Watching Congress hash out a farm bill doesn't inspire much confidence in the finished product. The lobbying, based on economic and regional interests, is fierce.
Perhaps surprisingly fierce, when you consider that the current legislation, passed in 1996, doesn't expire until next September. What has been driving the lobbyists is the worry that next year's federal budget guidelines will reflect a drooping economy and thus be less likely to accommodate generous farm subsidies.
The subsidies included in the bills passed by the House and under consideration by the Senate are generous, indeed. They may not become law this year, since even if the Senate passes a bill there'll be no time before recess to reconcile it with the House version. And Senate Republicans have dug in their heels, arguing that bigger federal payments will encourage overproduction and hurt farmers in the long run.
The '96 bill was an effort to rein in subsidies, but when farmers faced hard times Congress quickly overrode its own legislation with emergency spending measures. Hence the old system of big payments going to big commodity producers in a relatively few states remained pretty much intact. The bills considered this year, particularly the one passed by the House, could cement that system back in place.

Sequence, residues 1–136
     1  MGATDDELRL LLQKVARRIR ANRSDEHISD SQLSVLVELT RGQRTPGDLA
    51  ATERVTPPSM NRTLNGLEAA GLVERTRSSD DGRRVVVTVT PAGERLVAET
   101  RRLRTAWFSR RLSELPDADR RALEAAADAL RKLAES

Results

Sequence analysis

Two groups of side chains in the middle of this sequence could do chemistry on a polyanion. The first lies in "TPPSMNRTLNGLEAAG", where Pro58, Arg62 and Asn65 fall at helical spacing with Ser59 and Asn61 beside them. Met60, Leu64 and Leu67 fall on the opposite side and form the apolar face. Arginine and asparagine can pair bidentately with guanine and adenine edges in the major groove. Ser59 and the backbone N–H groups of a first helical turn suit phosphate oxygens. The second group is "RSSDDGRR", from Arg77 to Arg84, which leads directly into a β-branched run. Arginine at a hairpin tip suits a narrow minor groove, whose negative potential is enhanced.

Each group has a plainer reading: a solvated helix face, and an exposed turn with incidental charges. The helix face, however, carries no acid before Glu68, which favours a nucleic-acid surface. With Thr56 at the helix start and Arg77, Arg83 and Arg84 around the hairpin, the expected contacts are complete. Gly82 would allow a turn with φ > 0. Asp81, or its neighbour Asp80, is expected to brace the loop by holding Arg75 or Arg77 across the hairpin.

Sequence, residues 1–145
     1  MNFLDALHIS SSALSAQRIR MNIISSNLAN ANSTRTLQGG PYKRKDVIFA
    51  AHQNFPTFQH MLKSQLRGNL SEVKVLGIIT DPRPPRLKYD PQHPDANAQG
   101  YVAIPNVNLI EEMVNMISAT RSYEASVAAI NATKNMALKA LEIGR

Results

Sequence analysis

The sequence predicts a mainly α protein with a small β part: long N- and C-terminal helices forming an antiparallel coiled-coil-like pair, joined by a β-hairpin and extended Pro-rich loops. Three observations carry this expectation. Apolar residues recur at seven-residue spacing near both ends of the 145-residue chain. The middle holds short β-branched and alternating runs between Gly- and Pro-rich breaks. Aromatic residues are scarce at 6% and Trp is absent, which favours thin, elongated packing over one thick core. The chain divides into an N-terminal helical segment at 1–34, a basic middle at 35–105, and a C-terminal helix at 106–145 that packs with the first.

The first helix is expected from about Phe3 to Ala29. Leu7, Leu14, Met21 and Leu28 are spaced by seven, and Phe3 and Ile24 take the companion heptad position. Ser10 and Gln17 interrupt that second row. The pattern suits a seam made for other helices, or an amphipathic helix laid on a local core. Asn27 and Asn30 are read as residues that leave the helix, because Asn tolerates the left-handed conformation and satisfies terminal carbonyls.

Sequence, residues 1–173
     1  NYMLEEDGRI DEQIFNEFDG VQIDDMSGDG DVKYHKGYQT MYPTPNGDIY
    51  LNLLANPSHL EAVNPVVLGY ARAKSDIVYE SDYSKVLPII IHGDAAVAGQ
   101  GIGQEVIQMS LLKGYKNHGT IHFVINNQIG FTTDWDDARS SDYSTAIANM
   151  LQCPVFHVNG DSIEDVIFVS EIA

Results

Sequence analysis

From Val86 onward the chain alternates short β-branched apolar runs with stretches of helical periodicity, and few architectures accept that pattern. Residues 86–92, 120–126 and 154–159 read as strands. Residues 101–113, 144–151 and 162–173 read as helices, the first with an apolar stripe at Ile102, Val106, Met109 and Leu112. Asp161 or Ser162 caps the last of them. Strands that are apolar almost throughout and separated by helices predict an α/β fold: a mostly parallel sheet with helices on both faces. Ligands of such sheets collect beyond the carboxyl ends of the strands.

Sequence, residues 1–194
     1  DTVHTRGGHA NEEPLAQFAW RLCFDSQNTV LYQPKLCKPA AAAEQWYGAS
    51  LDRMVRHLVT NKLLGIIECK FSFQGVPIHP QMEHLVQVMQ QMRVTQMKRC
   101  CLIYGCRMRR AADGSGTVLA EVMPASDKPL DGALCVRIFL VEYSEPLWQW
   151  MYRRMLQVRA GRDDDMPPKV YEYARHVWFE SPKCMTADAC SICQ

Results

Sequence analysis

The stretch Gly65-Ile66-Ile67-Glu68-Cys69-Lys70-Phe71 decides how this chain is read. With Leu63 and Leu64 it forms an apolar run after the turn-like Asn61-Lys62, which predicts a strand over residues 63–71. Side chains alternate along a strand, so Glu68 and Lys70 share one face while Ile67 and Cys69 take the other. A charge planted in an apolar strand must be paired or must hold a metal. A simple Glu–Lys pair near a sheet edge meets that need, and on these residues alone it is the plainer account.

The primary Senate bill, to its credit, included provisions that would shift a significant amount of federal money away from production payments and toward environmental protection. This would encourage farmers in sound environment practices, such as safe disposal of waste and better soil and land conservation.
The "green" money would be spread around more equitably to farmers in all parts of the country. It's an approach to federal aid for farmers that makes sense and clearly serves the public interest.
Ideally, when this legislation resurfaces next year, it should have an even greener hue. And if the prospect of federal red ink helps moderate crop subsidies, that's all right, too.